Disagree or Disrespect: Today’s Political Debate
Issue   |   Tue, 10/03/2017 - 23:06

These are times when political views have become identities. When someone mentions their ideology, we assume we know all about them. They must fit a certain mold, live a certain lifestyle and be a certain type of person. If they believe in the same things that we do, perfect. This must mean they are good, kind and educated. But if they don’t — then, they must be ignorant, bad or even stupid.

There is no middle ground anymore, no place for someone to be a “person.” It’s either they are right or they are evil. This is decided by something so simple as a muttered sentence regarding a political topic.
I have done this before. I’ve found myself moving away from people because of their political views or judging them because of their tendency to disagree with me. I have fallen into this trap like many others and believed that people with my beliefs should not be around people with opposite beliefs.

There seems to be a misconception about political identities. The word “liberal” has become synonymous with socialist, atheist, and most importantly, hating conservatives. By the same token, the word “conservative” has become equivalent to hating liberals and being a greedy capitalist who follows a childish man without questioning. How much truth is there to any of this?

I am a liberal. I believe that the government should be looking out for the little guy, the shop owners, the mine workers, the waitresses and those who find themselves unable to fight the pressure of the big corporations. I believe that every human has a right to quality healthcare and that women have a right to decide what to do with their own bodies.

These are my views. Some might disagree with me. In fact, most might disagree with me. I think that’s all right — normal, even. If everyone agreed with all my political opinions, I might be doing something wrong.

The reason why sharing different opinions is vital is because we can benefit from one another, see things in different lights and perhaps shape each other’s view of the world accordingly. That’s why debating any topic is so important. However, quality debate has been missing from the political landscape for a while. The biggest reason for the absence of debate is the divide that leaves no room for common ground and therefore no room for respect.

How many times have we disrespected each other under the assumption that we were only expressing our opinion? Liberals have made fun of the people who voted for Donald Trump, thinking they were in the right for doing so. Conservatives have attacked the people who work hard to improve the country, calling them terrorists and then justifying it as free speech. That might be the case; however, do these excuses change the fact that both sides are behaving unkindly towards millions of people?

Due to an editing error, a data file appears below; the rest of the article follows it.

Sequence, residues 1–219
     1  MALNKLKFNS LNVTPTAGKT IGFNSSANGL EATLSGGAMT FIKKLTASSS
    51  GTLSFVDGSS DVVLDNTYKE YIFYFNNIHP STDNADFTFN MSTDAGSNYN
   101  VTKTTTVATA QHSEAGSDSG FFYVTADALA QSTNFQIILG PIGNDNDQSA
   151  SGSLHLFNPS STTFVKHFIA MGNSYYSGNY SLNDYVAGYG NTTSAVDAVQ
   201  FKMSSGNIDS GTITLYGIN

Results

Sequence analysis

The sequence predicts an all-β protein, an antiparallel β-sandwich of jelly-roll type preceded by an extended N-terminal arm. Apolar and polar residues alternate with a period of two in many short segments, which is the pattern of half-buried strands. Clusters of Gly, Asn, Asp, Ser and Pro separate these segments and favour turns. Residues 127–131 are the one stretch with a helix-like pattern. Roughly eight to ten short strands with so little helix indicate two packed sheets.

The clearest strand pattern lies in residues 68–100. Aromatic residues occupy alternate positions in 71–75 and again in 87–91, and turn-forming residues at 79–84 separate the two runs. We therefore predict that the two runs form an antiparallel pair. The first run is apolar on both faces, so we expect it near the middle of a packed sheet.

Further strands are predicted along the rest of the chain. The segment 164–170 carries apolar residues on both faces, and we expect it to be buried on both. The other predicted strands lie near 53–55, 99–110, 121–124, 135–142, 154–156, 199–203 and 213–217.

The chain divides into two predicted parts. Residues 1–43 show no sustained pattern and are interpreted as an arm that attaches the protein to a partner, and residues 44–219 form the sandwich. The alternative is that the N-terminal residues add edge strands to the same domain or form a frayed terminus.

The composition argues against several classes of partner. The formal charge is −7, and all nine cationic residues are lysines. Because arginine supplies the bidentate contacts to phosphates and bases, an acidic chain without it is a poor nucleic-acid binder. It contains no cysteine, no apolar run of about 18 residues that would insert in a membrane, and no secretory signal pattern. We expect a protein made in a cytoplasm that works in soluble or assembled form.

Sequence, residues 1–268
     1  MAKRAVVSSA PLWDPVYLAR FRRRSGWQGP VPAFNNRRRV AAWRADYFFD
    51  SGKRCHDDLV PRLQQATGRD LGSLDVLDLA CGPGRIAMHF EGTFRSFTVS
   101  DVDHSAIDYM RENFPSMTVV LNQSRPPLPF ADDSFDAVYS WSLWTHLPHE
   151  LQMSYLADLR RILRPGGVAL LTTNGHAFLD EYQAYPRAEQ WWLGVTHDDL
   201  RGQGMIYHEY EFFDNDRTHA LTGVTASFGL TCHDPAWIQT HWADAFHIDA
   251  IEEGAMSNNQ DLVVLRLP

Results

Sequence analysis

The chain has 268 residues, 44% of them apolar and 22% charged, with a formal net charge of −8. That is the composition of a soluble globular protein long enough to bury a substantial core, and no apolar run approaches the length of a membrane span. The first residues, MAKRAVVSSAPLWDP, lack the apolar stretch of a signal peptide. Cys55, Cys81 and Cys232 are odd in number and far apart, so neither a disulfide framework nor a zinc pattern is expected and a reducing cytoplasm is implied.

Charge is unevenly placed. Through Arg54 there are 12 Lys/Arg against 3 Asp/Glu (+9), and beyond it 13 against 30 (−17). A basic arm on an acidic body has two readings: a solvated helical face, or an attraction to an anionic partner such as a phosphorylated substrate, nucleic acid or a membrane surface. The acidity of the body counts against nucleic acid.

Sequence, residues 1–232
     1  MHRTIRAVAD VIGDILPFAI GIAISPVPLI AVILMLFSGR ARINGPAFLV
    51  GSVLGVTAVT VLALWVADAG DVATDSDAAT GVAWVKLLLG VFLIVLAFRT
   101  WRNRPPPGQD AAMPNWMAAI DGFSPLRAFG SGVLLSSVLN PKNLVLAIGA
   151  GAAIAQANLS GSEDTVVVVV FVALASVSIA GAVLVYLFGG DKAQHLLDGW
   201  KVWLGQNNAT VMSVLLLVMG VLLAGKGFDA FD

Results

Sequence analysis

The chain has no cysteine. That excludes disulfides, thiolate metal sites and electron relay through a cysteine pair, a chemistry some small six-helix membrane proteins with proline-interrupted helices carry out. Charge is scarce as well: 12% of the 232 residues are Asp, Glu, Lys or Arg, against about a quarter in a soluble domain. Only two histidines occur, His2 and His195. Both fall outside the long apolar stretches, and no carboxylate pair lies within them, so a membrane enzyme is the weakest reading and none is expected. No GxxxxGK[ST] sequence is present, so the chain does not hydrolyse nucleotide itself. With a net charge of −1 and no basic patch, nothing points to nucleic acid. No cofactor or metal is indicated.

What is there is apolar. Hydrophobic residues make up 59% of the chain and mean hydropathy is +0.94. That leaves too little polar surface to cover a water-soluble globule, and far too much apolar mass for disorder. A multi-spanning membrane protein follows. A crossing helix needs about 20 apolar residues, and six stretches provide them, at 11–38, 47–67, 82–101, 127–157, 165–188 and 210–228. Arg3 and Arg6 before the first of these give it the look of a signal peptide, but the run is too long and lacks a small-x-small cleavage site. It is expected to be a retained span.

To disagree and to disrespect are not the same thing, yet this point eludes most people. Everyone is willing to debate, but no one is willing to respect. Unfortunately, that won’t do.

An open and respectful discussion about topics we care about is what will drive us forward. We need these discussions on topics such as the benefits of lowering government control on the economy, free speech, fighting terrorist groups who are spreading violence and death all over the world — about the importance of globalization, the responsibility the wealthy have towards society and the inequality that is a huge obstacle for women and queer people.

Perhaps, by the end of it, no one will change their minds. But a debate isn’t about changing minds. It is about seeing both sides of the argument. It is about shaping the future with what we have learned from the past.

But right now, we are not listening. We are not respecting people’s beliefs, their experiences, their views of the world or their identities. Mocking and insulting them seems to be the easier solution in a hostile world. It is the focus on our differences, the notion that we can tell everything about a person from their political alliance and the inclination to think there is nothing else to them that makes us willing participants in a dangerous cycle that deepens the divide and might even cause further damage.

We must learn to see the bridge between us, the person behind the ideologies, rather than the cliff that divides us. We need to learn to disagree without disrespect so that we may learn from each other and change the world around us.